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Article Dans Une Revue Building and Environment Année : 2016

Numerical simulation of wind-driven natural ventilation


Building envelope geometry has an important impact on cross-ventilation performance. Presence of external architectural structures (e.g. a loggia), and opening surfaces can all affect ventilation performances. All these factors lead to deviation in the wind-driven ventilation rates predicted by semi-empirical models (correlations). Thus, this study is focused on the effects of a loggia and window opening size on cross-flow ventilation rates estimated by Computational Fluid Dynamics (CFD). CFD has been validated on field measurements in a low-rise building, with a steady-state Reynolds-Averaged Navier–Stokes (RANS) model. Ventilation performance is evaluated for buildings with or without a loggia with different opening sizes and various wind conditions. We find the presence of the loggia reduces the average air change rate by 27%, except for one wind direction at which a vortex is formed in the loggia and directs the airflow into the opening. However, the empirical models based on the orifice equation fail to precisely predict the ventilation rate for large windward-side windows. Large windows should be installed on the façade exposed to the prevailing wind, so as to enhance ventilation performance.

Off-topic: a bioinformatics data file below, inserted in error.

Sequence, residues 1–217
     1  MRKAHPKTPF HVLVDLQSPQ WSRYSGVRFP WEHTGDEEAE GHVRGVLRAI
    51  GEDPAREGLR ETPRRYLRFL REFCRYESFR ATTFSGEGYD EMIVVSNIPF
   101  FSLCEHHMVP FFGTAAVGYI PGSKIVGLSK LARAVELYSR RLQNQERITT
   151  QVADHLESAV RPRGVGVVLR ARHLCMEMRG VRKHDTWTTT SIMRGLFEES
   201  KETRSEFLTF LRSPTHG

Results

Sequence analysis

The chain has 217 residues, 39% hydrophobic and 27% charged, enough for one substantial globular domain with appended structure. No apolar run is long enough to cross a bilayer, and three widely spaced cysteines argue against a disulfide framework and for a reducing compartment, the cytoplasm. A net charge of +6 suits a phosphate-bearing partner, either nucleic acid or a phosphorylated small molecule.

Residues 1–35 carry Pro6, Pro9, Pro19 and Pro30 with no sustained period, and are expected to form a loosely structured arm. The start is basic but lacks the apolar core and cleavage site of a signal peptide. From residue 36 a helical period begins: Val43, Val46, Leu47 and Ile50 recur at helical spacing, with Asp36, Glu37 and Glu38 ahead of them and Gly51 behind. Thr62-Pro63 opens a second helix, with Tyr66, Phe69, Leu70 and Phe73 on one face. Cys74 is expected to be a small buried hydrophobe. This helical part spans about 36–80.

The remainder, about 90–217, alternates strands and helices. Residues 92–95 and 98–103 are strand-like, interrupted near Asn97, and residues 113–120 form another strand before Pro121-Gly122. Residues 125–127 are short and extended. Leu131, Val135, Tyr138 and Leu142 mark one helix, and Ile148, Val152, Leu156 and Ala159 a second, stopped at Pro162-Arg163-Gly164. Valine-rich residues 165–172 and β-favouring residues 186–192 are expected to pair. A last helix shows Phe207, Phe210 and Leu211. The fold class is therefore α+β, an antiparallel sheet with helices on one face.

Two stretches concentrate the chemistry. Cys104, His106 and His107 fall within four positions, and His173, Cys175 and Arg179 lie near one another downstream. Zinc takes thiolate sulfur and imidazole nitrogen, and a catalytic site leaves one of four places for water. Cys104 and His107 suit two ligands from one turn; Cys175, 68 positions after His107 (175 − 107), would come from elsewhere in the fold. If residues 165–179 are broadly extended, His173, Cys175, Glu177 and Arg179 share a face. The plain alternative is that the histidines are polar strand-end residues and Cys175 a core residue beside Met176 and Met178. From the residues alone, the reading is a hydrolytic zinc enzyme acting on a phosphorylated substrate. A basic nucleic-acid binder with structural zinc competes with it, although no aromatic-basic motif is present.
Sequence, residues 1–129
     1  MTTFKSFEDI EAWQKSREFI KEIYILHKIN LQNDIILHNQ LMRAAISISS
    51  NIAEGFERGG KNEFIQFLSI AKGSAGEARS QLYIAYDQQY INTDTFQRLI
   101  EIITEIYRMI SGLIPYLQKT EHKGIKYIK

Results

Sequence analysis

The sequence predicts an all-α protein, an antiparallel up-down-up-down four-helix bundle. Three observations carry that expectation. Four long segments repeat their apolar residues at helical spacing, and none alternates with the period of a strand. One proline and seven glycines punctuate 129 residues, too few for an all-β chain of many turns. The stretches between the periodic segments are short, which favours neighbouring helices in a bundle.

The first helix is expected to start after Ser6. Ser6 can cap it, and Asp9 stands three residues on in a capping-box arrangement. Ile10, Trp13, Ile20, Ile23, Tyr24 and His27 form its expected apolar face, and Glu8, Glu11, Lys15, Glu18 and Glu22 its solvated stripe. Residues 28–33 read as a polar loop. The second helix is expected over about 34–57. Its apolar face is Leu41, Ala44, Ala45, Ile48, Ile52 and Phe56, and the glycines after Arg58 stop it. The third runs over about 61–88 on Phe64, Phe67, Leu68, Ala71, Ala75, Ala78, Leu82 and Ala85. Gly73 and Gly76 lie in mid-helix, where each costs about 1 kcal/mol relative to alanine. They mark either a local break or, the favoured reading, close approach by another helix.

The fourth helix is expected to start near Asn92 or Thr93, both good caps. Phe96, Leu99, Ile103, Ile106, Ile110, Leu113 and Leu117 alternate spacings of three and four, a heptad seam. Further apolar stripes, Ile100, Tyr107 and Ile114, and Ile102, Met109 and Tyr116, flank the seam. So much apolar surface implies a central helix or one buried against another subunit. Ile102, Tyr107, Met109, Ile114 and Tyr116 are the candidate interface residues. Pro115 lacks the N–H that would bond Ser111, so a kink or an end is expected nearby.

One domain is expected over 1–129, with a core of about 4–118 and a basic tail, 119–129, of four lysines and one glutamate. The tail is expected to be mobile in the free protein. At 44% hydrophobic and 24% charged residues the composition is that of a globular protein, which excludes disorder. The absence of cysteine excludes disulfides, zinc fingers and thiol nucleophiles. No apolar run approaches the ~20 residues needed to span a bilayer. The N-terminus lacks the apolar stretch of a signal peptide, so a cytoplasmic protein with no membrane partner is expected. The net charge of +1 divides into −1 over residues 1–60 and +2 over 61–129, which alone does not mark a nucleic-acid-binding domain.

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Dates et versions

hal-01461807 , version 1 (08-02-2017)



Shuqing Cui, Pascal Stabat, Dominique Marchio. Numerical simulation of wind-driven natural ventilation: Effects of loggia and facade porosity on air change rate. Building and Environment, 2016, 106, pp.131-142. ⟨10.1016/j.buildenv.2016.03.021⟩. ⟨hal-01461807⟩
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